I started to dig through the noitaminA block of Anime from the last few quarters to see if anything got a good review on ANN. I find that anything from noitaminA and gets a large volume of tens has a tendency to live up to my expectations. What I stumbled upon was Ano Hi Mita Hana no Namae o Bokutachi wa Mada Shiranai or We Still Don’t Know the Name of the Flower We Saw That Day. I am perplexed by the length of this title. I find Japanese titles often end up being oddly long before domestic translators get a hold of them and chop them down to size. I don’t even think we could turn this into a acronym AHMHNBMS?). I’ll call it Ano Hana for now. Below consists of my initial impressions of the first episode.
The production value of Ano Hana is, akin to most noitaminA productions: very high. The backgrounds are rich and complex with a healthy mixture of colors. The character designs are varied and animations rather well done. That said, my initial impression is to be unimpressed with Ano Hana.
We get a fairly good outline of Ano Hana’s plot in the first episode. Menma died in a childhood accident, her ghost returns to Jinta to ask for a wish to be granted. The young ghost forgets the wish and instead tries to get the, now older, Jinta back together with his childhood friends. Jinta, a shut-in, has little interest in going out to socialize with his old friends who have drifted apart becoming shallow and vain teenagers. This plot seems far too ripe with pathos for the age of the cast. The flashbacks to their childhood, which is really just a few year’s prior, held little power when I realized that the characters still had a long, productive life ahead of them. At least Ebenezer Scrooge was visited after a long, unproductive life when we can actually feel sad for his having wasted it. Such makes the meager few years that Jinta and company spend saddened by Menma’s demise paltry in comparison.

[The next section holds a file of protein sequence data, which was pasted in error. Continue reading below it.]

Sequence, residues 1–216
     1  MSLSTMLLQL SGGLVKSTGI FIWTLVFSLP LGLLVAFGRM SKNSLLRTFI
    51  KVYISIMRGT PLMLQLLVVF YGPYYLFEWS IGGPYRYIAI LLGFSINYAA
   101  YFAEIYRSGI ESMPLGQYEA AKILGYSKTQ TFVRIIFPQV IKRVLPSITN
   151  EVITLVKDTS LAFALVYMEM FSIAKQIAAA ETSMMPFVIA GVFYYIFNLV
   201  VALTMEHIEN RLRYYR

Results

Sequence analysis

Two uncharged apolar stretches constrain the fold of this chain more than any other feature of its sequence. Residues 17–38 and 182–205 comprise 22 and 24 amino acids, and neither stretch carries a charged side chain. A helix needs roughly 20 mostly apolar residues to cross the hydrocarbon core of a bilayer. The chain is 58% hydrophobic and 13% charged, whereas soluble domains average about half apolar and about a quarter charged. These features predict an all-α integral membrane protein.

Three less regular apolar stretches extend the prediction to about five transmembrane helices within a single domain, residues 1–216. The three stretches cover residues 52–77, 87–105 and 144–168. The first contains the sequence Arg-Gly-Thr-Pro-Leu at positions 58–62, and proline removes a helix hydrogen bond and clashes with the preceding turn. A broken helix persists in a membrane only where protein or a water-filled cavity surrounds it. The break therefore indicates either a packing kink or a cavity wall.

A large part of my dislike surrounds the character of Menma – a frail looking stick of a girl who is definitely of the
Moe character type. Her design is reminiscent of K-On! or Sora no Woto and showcases a similar characterization to K-On!’s female cast. A full analysis of why I do not particularly care for Moe would require more space than I wish to go into right now. In simplest terms: I feel that reliance upon such pre-built characters tends to generate a very shallow story, one that I have seen before and have no interest in going through over and over again. Anaru, Yukiatsu, and Tsuruko also seem like rather shallow characters, the caste is only saved by my interest in the character of Poppo who appears at the very end of the episode. Suddenly, I have a character who I might be able to relate to and find interesting enough to continue through the entire series.